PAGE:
Surfing Travel and Tourism the latest wave of challenges
Tourism comes in many guises and especially so in the MENA region. It has become a mixture of acronyms and specialities - from MICE1, FITs and GITs2, to Hajj and Umrah trips, luxury tailor-made tours to all-inclusives. This region has paradoxically become one of the leading lights in both religious and luxury travel. Our article looks at a few of the pertinent aspects of tourism and travel today, and considers how one of the largest employers will have a real impact on the future prosperity and survival of the region.
As one of the world’s largest industries in terms of employment and revenues, tourism has the potential to alleviate poverty, end hunger, banish gender inequality and halt environmental degradation in the world’s most vulnerable regions. But all of this depends entirely upon whether it is managed correctly, and whether those involved in the industry are willing to look at the potential benefits of moving towards a more sustainable form of travel and tourism. The challenges - which not only affect our region but many others - include political instability, the health of the economy and visa restrictions. Of these three issues, we have previously featured many articles; therefore, we can do little but underline how important 'getting it right' is for the future of the region.
Sustainable ... or simply not viable?
The UN's Sustainable Development Goals were drawn up to help countries, governments, nongovernmental organisations (NGOs), and communities - especially those working in the tourism sector - preserve their natural environment. In an article on sustainable tourism in our region, by Megan Setchell3 writing for EMG Group (Corporate Social Responsibility and sustainability consultancy), the author outlines that tourists value their holidays when their presence has a positive effect. As tourists now evaluate all parts of the industry for sustainability – from the airline they fly with to the hotel in which they stay – it is raising the bar for all suppliers and services involved. An increasing focus on tourism may also help the region's efforts to diversify its economy away from fossil fuels. With widespread environmental degradation and in particular, water scarcity, it is crucial that the tourism sector goes some way to monitoring its use of environmental resources – not least because sustainability is a ‘pull factor’ for many tourists coming to the region. Sustainably managed tourism can be an effective way to preserve regional assets, whether they are natural or cultural. Tourism must always be sensitive to the local culture and environment to ensure longevity, and our region is demonstrating a proactive and committed effort towards achieving this.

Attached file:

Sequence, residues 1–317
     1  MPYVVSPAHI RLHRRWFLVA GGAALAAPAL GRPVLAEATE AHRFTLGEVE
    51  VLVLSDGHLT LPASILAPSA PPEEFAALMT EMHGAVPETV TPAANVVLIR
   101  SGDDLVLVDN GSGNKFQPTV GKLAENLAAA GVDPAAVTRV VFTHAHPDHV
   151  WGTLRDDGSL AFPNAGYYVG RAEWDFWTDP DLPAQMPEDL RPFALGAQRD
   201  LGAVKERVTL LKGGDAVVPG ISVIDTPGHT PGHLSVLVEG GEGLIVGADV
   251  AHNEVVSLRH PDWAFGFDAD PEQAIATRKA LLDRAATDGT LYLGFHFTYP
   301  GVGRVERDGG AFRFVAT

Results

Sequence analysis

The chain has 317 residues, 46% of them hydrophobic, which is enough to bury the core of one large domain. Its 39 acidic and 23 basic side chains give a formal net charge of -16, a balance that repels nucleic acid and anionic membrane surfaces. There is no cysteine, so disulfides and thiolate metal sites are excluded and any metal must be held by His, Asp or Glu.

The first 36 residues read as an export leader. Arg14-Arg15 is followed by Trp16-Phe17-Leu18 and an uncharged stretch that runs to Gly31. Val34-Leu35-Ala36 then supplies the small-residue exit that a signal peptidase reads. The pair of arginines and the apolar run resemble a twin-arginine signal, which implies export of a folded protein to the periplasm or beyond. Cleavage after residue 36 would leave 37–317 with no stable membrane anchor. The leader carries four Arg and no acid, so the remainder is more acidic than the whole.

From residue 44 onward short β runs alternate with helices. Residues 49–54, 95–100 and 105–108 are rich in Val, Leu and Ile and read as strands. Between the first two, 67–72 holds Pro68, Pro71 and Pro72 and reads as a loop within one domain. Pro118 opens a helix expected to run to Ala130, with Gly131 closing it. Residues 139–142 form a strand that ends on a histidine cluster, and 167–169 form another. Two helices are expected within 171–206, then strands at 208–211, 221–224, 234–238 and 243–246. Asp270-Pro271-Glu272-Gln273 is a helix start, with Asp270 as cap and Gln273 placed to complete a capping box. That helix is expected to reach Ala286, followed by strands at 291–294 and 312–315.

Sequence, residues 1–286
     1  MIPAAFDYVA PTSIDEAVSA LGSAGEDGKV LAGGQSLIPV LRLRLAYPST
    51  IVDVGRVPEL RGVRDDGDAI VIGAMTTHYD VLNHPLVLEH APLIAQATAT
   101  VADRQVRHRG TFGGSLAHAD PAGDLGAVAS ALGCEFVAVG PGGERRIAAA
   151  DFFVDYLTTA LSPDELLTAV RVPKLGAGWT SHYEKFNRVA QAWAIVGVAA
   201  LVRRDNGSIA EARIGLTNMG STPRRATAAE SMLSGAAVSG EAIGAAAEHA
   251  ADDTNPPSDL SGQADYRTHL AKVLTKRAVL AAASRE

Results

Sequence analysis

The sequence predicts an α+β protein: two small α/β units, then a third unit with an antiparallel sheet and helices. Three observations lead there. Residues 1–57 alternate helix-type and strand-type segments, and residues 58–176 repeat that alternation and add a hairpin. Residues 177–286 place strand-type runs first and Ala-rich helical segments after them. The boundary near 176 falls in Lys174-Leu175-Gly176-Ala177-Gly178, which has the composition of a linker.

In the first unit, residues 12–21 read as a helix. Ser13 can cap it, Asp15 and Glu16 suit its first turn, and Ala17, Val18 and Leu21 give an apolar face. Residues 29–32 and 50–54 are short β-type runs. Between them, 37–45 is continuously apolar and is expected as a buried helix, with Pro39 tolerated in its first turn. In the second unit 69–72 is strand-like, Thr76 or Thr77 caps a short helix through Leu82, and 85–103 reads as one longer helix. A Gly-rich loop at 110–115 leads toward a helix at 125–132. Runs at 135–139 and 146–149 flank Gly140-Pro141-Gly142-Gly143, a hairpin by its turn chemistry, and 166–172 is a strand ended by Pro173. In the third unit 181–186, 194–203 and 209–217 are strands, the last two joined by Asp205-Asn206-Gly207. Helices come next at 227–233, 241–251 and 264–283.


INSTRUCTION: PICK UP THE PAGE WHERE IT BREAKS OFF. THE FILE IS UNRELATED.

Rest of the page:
Throwing in the towel
How a daily linen change should now be a thing of the past Have you ever been asked to think again about asking for fresh towels and linen in a hotel? If so, this means that the hotel you stayed in probably signed up to some of the global targets to assist hotels reducing their energy and water consumption as part of a larger global trend. UN World Tourism Organization (UNWTO) is just one of many driving this change. The hotel sector is one of the tourism industry’s largest drivers of employment and economic revenue but at the same time it is one of the most energy-intensive. In fact, hotels and other types of accommodation account for 2% of the 5% global CO2 emitted by the tourism sector. Focus on helping Small and Medium Enterprises (SMEs) is particularly important, as the utilization of outdated technologies, lack of human and financial resources and a limited awareness and knowledge on greener alternatives may all be contributing to decreasing their competitiveness. In addition, SMEs are usually less proactive about the environment in comparison to larger hotel chains. Helping the sector respond to the challenges of climate change is thereby necessary. Hotel Energy Solutions (HES) is one of UNWTO's projects in